A battery charger is a device designed to push electrical energy through a secondary cell or a battery to recharge it. Different types of rechargeable batteries respond best to different types of charging; therefore it is important to know which charger or chargers are applicable for the different batteries that you need to recharge. For example, a mobile phone should not be charged with a car battery charger, neither should a NiCd charger be used to charge NiMH batteries.
How do battery chargers work?
A typical rechargeable battery can be charged many times. Firstly, it is important to be sure that the battery in question is indeed the type that allows for recharging. If it is rechargeable, it can be connected to the charger unit. Once the current start to flow, the electrodes that have depleted out of the batteries are recharged and the battery's energy is restored. It is important to cut off charging once maximum capacity is reached, or the batteries will have to expend excess energy and will overheat, leading to risk of rupture, chemical leaks, or sometimes even the explosion of the battery.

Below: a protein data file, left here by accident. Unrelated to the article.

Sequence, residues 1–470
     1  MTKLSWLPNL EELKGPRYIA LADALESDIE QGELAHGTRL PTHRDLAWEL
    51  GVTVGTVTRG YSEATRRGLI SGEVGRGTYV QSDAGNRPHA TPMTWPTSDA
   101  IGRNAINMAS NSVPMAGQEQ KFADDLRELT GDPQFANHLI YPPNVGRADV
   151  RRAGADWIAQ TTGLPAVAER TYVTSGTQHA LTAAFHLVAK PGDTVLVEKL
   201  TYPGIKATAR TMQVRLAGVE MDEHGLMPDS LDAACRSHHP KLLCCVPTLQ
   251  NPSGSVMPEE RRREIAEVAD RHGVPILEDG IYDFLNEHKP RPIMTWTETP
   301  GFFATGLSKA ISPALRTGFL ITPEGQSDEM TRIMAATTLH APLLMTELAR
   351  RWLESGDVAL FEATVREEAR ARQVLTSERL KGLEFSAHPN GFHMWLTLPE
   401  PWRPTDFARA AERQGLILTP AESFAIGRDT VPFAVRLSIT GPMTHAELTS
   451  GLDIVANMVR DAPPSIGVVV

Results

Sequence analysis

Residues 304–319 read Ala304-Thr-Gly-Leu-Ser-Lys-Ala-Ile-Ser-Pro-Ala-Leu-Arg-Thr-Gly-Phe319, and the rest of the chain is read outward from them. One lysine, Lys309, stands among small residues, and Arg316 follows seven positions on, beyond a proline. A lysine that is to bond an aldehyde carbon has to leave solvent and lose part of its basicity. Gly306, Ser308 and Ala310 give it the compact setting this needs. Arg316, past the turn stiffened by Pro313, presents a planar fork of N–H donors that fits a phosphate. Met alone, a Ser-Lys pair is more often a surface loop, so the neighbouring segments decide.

What are the different methods of battery charging?
As there are different chemical contents in different batteries, there are different methods of battery charging that are the most suitable for each chemistry and battery type. There are battery chargers available for standard sizes, including AA, AAA, C, D, and 9V, and there are also battery chargers available for larger lead-acid batteries. Some battery chargers have slots for the smaller cells to be placed into for charging and these often fit straight into a plug socket for power. Other battery chargers come with crocodile clip connectors to connect to larger, lead-acid batteries.Lead- and lithium-based chargers operate on constant current constant voltage (CC/CV).Nickel-based batteries charge with constant current and the voltage is allowed to rise freely.